Elimination of hepatitis C virus infection in patients with haemophilia in Belgium: A single-centre experience

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Elimination of hepatitis C virus infection in patients with haemophilia in Belgium: A single-centre experience

Authors

Fransen, L.,D'Hondt, P.,Bielen, R.,Van den Ende, N.,Robaeys, G.,Peerlinck, K.,Nevens, F.

Citation
2019
Haemophilia

25

6
1028-1034
Type
Retrospective cohort
Virus targets
Hepatitis C
Interventions
HCV testing and linkage to Care
Linkage to care
Screening and diagnosis
Testing
Setting
National
Target populations
Individuals with blood disorders
Country of development
Belgium
Target location
Belgium
DOI
10.1111/hae.13829
Testing strategy
Laboratory-based antibody test,Laboratory-based PCR/RNA (confirmatory) test
Laboratory-based antibody test
Laboratory-based PCR/RNA (confirmatory) test
Countries of included studies
Belgium

Health outcomes

Linkage to care

Testing strategy 

Laboratory-based antibody test,Laboratory-based PCR/RNA (confirmatory) test

Abstract

Introduction: Patients with haemophilia are one of the subgroups with a high prevalence of hepatitis C virus (HCV) infection. They are a potential target group to eliminate HCV infection thanks to the availability of direct-acting antiviral (DAA) therapy. Aim(s): To investigate the results of DAA therapy in a cohort of patients with bleeding disorders. Method(s): This retrospective study was conducted between July 2018 and April 2019. All patients born before 1990 with haemophilia, von Willebrand factor Disease, factor V deficiency, factor VII deficiency or afibrinogenemia were included in this study. Result(s): Of 299 patients, 297 (99.3%) were tested for HCV antibody presence and 211 (71.0%) were positive. Of these, 205 (97.1%) were tested for HCV RNA and 153 (72.1%) were chronically infected. In total, 127 (83.0%) received antiviral therapy, and 110 (71.8%) patients were cured by antiviral treatment. The presence of cirrhosis was significantly higher in patients without a cure for HCV infection when compared to patients who achieved sustained virologic response by treatment or never infected (32.6% vs. 12.8% vs. 0%; P <.001). At the end of follow-up in 2019, only 14 (9.1%) patients had a remaining HCV infection. Ten (71.4%) were lost to follow-up, one (7.1%) patient refused, two (14.2%) had comorbidities and one (7.1%) will start treatment soon. Conclusion(s): In this cohort, the elimination targets for HCV infection in 2030 as proposed by the World Health Organization were already reached. Nevertheless, in order to cure every patient, monitoring tools are necessary. Copyright © 2019 John Wiley & Sons Ltd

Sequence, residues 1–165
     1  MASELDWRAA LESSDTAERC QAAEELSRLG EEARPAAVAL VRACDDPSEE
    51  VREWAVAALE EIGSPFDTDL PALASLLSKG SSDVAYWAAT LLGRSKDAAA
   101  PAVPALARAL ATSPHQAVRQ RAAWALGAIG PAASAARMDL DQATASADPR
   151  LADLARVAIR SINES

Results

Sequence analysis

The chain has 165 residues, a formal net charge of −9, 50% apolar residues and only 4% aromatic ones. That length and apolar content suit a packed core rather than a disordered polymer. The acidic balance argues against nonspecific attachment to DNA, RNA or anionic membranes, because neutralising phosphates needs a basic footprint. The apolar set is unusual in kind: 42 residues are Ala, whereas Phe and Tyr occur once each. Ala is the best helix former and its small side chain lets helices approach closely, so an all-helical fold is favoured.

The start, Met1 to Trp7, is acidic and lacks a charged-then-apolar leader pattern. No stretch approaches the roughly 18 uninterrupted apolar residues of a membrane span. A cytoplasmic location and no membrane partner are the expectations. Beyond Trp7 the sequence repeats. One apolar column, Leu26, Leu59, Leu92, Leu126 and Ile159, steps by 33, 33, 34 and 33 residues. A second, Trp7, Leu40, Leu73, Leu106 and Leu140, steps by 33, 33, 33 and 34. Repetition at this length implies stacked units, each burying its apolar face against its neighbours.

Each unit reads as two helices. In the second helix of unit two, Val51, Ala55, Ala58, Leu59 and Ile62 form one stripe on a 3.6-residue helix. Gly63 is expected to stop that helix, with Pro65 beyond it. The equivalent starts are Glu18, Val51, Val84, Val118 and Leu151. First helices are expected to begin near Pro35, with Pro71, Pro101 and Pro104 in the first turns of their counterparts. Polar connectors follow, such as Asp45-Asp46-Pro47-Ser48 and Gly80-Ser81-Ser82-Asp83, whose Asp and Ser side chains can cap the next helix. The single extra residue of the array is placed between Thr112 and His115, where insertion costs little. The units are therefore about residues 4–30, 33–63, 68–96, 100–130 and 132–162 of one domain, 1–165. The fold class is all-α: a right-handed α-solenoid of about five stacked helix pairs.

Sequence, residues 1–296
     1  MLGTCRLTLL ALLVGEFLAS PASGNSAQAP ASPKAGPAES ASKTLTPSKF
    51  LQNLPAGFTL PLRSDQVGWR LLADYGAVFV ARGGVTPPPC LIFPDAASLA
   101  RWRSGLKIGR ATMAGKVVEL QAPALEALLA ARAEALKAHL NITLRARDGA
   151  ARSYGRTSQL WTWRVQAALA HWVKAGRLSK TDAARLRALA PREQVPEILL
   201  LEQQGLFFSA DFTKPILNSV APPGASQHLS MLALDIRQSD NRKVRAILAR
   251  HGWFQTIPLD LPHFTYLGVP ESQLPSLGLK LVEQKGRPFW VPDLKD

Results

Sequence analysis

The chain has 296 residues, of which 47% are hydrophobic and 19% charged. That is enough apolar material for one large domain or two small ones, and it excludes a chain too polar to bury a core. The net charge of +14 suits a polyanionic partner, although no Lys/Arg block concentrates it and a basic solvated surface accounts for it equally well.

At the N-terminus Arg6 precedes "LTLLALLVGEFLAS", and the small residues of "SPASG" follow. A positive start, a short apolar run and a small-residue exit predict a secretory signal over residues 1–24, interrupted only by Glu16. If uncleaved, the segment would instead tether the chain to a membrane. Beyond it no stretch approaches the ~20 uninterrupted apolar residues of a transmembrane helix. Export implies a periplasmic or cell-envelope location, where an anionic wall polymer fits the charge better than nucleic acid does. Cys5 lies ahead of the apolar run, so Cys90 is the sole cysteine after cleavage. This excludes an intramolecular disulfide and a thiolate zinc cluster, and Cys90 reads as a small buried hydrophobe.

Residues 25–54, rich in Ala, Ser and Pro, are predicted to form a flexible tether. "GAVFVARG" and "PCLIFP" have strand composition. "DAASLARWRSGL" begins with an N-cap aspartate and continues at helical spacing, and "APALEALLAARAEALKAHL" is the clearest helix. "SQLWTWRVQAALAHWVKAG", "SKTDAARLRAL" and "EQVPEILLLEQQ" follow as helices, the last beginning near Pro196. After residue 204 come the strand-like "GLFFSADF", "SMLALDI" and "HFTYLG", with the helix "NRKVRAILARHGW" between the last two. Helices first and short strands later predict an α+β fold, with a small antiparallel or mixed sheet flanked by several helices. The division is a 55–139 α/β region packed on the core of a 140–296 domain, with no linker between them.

Page updated

22 Jan 2021